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Street Vending Is Now Decriminalized In All Of California, Easing Fears of Jail Time And Deportation

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Street vending is as much a part of California as the sunshine and palm trees. Yet, for decades it’s been illegal for sidewalk vendors to operate in the state. Taco carts and fruit stands are mainstays on street corners throughout California yet vendors, many being immigrants and undocumented, have faced fines and misdemeanor criminal charges. Increasingly in the Trump era many have also faced the threat of deportation. But all that has changed as California Gov. Jerry Brown signed bill SB946 to make it easier for sidewalk vendors to operate legally.

California street vendors and their advocates have scored a resounding victory legalizing their work.

Rudy Espinoza, an activist who has worked for years to legalize street vending in Los Angeles, says the newly signed bill opens up socioeconomic opportunities for thousands of vendors across the state. More importantly vendors will be able to sell without fears of misdemeanors or jail time which they previously faced.

“It was hard to find elected officials standing for undocumented people and it became a bigger deal under President Trump,” Espinoza says. “If you got a misdemeanor that would have been enough grounds to get deported if undocumented.”

Espinoza says vendors can still get citations and will still have to get permits and if the city doesn’t have a permit system they need to establish one. Under the act, cities can no longer ban vending in parks, determine where a vendor operates or require vendors to ask permission of nearby businesses — barring any health, safety or welfare issues. The bill is set to go into effect in all California cities beginning Jan. 1.

While there is no database to track how many street vendors there are in California, city officials estimate there are 50,000 vendors in Los Angeles county alone.

Earlier this year, The Los Angeles City Council voted to decriminalize street vending in the city which helped expedite the signing of the bill signed by Gov. Jerry Brown. Espinoza, who worked with the The LA Street Vendor Campaign, applauded the governor’s move congratulating “the thousands of vendors leading this movement.” He says the bill gives people a fair opportunity to start their businesses and be part of the growing food economy in the state.

“It starts with getting a permit then a cart and then hopefully one day they open a brick and mortar store. This bill will go far in helping many vendors dreams come true.” Espinoza says.

What took so long to make street vending legal? Making people understand it’s more than just selling food on streets but a way to make an honest living.

Doug Smith, an attorney at the Public Counsel Law Center, helped craft the legislation and says that the biggest road block was getting people to understand what street vending is about.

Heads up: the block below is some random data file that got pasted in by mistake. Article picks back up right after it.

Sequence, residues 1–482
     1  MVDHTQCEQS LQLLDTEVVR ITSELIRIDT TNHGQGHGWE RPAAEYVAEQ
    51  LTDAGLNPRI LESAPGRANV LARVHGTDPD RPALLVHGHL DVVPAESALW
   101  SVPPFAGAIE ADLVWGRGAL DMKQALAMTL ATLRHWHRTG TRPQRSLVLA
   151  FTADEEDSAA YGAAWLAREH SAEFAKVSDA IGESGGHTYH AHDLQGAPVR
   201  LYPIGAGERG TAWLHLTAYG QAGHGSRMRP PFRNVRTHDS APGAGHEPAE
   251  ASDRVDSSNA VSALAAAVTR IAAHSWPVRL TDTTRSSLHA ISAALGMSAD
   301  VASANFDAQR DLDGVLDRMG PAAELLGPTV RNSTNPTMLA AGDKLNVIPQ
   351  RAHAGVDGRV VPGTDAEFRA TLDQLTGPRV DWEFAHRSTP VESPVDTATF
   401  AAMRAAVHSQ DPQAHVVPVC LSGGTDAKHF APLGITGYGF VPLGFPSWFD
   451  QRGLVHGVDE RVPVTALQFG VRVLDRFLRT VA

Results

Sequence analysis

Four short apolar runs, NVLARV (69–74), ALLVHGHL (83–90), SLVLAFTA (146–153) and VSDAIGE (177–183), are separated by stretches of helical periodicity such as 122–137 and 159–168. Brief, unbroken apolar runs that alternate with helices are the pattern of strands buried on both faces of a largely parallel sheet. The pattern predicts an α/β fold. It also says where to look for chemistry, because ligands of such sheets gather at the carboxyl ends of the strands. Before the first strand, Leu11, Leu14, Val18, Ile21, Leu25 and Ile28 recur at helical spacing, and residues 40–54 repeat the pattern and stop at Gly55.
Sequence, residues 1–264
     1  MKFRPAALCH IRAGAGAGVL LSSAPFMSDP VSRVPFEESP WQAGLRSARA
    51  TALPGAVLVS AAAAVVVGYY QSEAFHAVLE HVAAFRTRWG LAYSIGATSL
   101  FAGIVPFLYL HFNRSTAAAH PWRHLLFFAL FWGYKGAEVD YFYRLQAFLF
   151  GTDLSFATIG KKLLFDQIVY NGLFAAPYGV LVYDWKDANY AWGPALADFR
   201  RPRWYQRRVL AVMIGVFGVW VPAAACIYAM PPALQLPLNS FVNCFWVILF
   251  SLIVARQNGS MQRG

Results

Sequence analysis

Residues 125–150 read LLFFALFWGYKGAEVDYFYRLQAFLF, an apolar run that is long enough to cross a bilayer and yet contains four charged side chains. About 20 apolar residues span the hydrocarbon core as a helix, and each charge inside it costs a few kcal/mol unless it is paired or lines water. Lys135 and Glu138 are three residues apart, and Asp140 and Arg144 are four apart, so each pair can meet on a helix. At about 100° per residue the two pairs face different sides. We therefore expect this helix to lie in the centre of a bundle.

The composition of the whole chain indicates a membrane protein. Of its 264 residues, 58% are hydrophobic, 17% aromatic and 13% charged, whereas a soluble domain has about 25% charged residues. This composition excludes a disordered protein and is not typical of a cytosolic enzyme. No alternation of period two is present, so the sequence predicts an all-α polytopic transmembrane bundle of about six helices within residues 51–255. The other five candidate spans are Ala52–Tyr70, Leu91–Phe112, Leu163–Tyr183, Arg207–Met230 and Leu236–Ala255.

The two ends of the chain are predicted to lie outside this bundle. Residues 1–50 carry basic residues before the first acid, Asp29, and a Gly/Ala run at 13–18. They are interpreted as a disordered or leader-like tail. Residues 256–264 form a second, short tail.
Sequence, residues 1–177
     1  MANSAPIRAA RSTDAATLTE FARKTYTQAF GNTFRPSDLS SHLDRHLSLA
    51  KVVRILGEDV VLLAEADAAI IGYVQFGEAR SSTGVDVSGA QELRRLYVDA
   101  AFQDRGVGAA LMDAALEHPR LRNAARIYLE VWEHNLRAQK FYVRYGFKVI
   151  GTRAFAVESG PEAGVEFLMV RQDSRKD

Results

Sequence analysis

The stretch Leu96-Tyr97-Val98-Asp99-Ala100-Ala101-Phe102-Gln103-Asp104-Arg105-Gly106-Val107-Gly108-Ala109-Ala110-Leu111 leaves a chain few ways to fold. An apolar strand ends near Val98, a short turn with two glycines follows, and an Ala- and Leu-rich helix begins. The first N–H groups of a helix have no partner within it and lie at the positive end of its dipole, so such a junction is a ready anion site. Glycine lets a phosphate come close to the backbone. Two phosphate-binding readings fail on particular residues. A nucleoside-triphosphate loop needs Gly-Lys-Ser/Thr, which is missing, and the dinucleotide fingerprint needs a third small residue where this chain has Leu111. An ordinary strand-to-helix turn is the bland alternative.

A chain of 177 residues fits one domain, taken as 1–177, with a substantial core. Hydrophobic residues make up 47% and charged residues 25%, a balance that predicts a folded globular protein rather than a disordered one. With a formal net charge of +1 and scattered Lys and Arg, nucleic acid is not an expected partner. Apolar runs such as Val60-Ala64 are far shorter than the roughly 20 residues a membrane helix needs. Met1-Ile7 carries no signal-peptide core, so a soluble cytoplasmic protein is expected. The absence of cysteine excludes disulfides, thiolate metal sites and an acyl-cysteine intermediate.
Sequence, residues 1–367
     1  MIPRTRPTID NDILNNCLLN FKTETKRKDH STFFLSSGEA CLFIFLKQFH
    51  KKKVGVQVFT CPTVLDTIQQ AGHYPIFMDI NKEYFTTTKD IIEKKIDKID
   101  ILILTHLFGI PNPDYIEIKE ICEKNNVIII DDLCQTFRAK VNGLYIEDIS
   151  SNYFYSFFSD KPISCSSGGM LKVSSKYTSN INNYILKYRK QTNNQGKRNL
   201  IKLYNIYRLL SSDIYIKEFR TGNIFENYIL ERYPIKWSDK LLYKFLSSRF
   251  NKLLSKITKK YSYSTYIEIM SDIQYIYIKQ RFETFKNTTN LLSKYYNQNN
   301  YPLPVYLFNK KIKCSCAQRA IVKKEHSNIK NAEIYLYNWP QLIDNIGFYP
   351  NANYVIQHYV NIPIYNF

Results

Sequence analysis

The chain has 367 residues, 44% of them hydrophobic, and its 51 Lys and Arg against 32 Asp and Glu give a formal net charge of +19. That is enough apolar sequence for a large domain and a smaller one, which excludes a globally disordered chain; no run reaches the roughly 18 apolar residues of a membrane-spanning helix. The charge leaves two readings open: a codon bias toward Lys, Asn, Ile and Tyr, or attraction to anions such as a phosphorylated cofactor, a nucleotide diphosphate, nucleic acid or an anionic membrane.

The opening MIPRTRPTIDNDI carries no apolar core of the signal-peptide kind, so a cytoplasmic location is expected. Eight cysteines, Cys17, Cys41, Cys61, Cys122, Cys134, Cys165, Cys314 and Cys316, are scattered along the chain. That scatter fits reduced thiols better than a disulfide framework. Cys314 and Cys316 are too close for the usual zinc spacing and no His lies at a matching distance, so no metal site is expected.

“Some people that may not see vending in their own communities were a little skeptical at first but in reality these vendors are just small businesses,” Smith said. “One of the key strategies was to keep reminding people that these are entrepreneurs that have dreams of making their carts into a store one day.”

Smith has worked with The LA Street Vendor Campaign for six years, and says once LA legalized vending his team quickly realized these issues weren’t only central to LA. When working on the bill, he wanted state officials to see that for some people street vending is a full time job.

For undocumented street vendors, the bill legitimizes their business in the eye of the consumer and in written law.

The bill makes three key points that will greatly benefit street vendors that may be undocumented. First, with street vending decriminalized it means that misdemeanors will no longer be given out which prevented some immigrants from applying for certain citizenship programs. Second, it provides retroactive release which means the state shouldn’t have criminalized and charges from past should be dismissed. Lastly, it establishes standards creating a legal permit system that local communities can regulate vending but not off grounds of discrimination.

Many are celebrating this moment for vendors who have sought to legitimize their  business for decades.

Smith says he hopes that other states will look at California and begin legalizing street vending in their states. Street vending creates millions of dollars in revenue not only to local communities but helps create foot traffic in city streets and other small businesses. “Its the first rung for many to move into the economic ladder and this is a way to help keep a roof over their head.” Smith says. “It’s a way to make a living and help their local economy as well.”

More importantly Smith says, street vendors won’t be looked at as blights or conducting illegal work but as entrepreneurs in their own communities making a living.

“Street vendors offer culturally significant items in their community that no one else can provide.” Smith says. “They are part of the fabric of their local communities and with this bill their presence is validated.”


READ: Los Angeles Businesses Will No Longer Be Able To Veto Street Vendors From Setting Up Their Stands On The Sidewalks

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